Environmental connections to public health >>
Pesticide Defenders Say the Darndest Things
In an interview last week (Jan. 16) at the pesticide lobby's D.C. headquarters, Washington State University Environmental Toxicology Professor Allan Felsot told Energy and Environment News (subscription required): "When you pick up food, you are eating thousands of chemicals at a time."
Of course he's absolutely right.
But that probably wasn't the talking point the spin-doctors at the pesticide trade group CropLife America were hoping for.
Each year, U.S. Department of Agriculture scientists test various fruits and vegetables - after they've been washed and peeled - and each year they find large numbers of pesticide residues.
Professor Felsot, who co-authored a report titled Pesticides and Health: Myths and Realities for the American Council on Science and Health, an industry-friendly organization supported by chemical and pesticide makers, was in the nation's capital last week at the behest of the group to help dispel concerns people have about eating these toxic chemicals.
That's no easy task, considering that a number of leading scientists and pediatricians have become increasingly concerned - and vocal - about the risks to children from dietary exposures to pesticides; not to mention the clear preference of consumers, whose shopping choices have turned organic farming into a $26 billion-a-year business.
And don't forget, of course, the long list of independent research studies that connect pesticide exposure to serious health risks. Just last April, three separate studies came out with stunningly similar findings of a connection between prenatal exposure to organophosphate pesticides and diminished IQ in children.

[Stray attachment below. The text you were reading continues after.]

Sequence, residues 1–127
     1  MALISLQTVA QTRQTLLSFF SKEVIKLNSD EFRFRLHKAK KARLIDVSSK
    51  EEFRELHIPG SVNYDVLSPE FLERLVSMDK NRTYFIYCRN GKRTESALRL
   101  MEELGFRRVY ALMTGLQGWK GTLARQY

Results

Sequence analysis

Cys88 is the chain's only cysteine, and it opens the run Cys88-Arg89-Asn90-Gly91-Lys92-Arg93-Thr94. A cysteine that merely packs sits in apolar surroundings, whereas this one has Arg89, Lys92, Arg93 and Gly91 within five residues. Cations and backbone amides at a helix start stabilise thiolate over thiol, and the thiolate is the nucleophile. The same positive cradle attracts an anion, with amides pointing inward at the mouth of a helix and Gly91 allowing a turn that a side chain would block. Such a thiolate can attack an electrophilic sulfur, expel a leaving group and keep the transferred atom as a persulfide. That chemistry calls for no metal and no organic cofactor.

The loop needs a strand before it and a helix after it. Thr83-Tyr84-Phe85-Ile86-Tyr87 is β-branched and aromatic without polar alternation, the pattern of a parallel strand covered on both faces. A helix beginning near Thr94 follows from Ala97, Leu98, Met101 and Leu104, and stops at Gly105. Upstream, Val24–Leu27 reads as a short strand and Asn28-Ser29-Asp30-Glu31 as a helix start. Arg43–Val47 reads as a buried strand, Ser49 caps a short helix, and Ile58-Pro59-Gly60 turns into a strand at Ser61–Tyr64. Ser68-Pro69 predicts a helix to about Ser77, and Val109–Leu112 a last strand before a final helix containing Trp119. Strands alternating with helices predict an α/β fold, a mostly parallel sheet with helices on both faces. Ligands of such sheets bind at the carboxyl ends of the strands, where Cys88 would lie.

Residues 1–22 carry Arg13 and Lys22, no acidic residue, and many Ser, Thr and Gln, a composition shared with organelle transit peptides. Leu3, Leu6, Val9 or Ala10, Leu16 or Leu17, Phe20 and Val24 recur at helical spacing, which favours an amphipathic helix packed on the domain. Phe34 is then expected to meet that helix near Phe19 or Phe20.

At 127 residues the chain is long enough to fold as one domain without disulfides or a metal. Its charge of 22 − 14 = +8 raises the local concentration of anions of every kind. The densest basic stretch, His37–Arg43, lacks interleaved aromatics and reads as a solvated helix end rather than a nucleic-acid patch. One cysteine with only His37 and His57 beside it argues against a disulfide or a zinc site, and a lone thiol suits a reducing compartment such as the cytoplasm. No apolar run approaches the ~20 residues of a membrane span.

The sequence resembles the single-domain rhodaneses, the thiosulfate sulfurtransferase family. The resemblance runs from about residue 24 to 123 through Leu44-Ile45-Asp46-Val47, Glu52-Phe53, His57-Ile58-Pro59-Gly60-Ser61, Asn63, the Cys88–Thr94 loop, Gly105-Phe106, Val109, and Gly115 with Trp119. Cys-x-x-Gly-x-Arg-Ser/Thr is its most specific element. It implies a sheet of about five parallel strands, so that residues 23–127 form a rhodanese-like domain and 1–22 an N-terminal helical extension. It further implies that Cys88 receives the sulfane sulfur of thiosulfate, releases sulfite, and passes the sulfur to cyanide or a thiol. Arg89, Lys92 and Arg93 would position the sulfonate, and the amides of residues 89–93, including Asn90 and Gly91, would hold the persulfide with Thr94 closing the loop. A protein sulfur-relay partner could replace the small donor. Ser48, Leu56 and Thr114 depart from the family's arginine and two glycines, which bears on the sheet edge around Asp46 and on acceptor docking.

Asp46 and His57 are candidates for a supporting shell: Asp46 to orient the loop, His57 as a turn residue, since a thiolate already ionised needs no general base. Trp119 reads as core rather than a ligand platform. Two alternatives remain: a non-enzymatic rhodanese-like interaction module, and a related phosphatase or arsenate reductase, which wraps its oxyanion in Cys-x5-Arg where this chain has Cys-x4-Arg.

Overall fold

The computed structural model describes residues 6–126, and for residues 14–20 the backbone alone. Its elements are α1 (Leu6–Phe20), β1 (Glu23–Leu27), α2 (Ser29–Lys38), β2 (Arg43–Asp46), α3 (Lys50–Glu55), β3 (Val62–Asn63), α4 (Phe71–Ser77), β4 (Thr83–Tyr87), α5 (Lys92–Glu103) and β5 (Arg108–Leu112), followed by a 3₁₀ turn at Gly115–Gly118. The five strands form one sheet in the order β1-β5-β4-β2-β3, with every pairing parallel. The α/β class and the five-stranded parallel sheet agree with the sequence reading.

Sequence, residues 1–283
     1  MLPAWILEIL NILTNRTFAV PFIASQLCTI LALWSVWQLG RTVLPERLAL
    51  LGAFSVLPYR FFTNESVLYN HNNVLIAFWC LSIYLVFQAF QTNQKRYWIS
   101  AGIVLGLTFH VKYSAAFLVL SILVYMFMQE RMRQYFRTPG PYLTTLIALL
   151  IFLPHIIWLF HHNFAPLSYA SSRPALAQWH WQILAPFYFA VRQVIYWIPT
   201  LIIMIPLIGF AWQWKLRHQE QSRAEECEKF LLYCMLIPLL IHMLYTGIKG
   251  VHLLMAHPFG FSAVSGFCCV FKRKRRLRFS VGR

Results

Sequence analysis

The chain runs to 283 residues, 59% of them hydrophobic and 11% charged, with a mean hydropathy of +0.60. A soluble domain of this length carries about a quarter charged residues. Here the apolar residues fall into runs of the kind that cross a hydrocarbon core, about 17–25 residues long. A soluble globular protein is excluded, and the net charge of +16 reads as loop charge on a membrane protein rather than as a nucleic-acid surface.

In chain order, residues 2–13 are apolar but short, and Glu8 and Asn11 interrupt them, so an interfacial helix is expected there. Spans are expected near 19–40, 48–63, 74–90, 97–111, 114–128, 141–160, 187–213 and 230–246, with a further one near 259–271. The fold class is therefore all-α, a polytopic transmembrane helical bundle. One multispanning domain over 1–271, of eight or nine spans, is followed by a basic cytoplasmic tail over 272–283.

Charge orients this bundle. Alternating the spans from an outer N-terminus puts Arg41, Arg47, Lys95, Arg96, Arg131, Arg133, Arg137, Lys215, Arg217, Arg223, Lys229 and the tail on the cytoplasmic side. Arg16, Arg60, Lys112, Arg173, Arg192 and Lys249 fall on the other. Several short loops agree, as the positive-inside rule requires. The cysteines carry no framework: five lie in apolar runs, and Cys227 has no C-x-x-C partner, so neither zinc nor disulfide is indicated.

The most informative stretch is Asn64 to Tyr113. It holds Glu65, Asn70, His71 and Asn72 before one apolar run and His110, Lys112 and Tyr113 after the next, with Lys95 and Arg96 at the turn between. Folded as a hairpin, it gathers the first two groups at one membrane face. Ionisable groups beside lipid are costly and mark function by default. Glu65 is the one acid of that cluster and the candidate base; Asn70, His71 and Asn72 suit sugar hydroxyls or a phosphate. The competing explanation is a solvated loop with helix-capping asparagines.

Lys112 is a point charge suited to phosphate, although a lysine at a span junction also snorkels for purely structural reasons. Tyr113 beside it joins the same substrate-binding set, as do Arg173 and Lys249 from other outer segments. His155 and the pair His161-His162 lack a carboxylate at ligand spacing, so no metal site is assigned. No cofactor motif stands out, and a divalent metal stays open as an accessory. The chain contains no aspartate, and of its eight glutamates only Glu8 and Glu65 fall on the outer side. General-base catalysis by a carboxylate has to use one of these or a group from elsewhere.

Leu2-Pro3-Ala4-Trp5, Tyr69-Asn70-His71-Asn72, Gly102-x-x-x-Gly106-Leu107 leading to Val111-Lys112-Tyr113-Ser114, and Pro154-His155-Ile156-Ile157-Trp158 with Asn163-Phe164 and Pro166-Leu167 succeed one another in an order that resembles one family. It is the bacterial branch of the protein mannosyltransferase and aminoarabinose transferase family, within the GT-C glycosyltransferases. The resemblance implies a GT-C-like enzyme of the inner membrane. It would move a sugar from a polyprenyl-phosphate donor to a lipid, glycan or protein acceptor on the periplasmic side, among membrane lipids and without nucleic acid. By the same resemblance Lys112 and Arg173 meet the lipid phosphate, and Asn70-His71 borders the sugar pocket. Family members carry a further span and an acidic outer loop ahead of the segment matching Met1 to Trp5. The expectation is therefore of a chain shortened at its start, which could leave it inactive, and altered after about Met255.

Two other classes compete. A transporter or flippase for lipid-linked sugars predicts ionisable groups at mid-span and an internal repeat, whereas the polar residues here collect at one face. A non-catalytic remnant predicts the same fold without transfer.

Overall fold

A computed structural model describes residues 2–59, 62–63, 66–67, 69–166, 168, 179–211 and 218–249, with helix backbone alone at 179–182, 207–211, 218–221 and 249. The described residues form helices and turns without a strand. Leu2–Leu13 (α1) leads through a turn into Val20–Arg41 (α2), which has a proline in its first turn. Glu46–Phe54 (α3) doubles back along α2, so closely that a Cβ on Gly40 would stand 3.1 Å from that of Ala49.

The next day, in a television interview with Monica Trauzzi of Environment and Energy News (subscription required), Felsot said this when he responded to a question about organic produce: "I think that organic farming has a place in the market and I think that organic farmers, I know for a fact, also use pesticides. It's a matter of choosing which poison, if you will, that you want to use."
That's not a typo. He basically said, "Pesticides are poison."
They must have loved that at CropLife America. The professor was on a roll.
Felsot failed to mention that the "pesticides" applied by certified organic farmers are made from natural sources and do not contain synthetic chemicals, unlike those used by conventional agriculture. That's a big difference. But his characterization of pesticides used by conventional growers as "poison" is mostly accurate, and that's the driving force behind the explosion of the organic industry. People don't want to eat "poison" along with their fruits and vegetables.
How crazy is that?
A number of the pesticides used on conventional produce, or as Felsot characterized them, "poisons," have been linked in careful studies to cognitive delays, birth defects and cancer. It's true that Professor Felsot has lectured and conducted extensive research on pesticides for decades, as is evident in this 53-page resume. However, what wasn't mentioned in the press reports of his visit to Washington were his long financial ties to the pesticide and chemical industry.
According to his own accounting on that resume (page 51), he's received nearly $300,000 in funding from a long list of industry interests, including American Cyanamid Co., Chevron Chem. Co., Fison-Boots Chem. Corp., FMC Corp., Herbert Stanley Co., Illinois Fertilizer & Chemical Association, Imperial Chemical Industries, Macon Co. Mosquito Abatement District, Myers Chemical Co., N.W. Ill. Mosquito Abatement District, Sierra Chem Co., Stauffer Chemical Co., Union Carbide, Union Oil Co. and UniRoyal Chemical. Felsot also lists substantial funding from large grower groups and the USDA.
And that's some relevant fine print.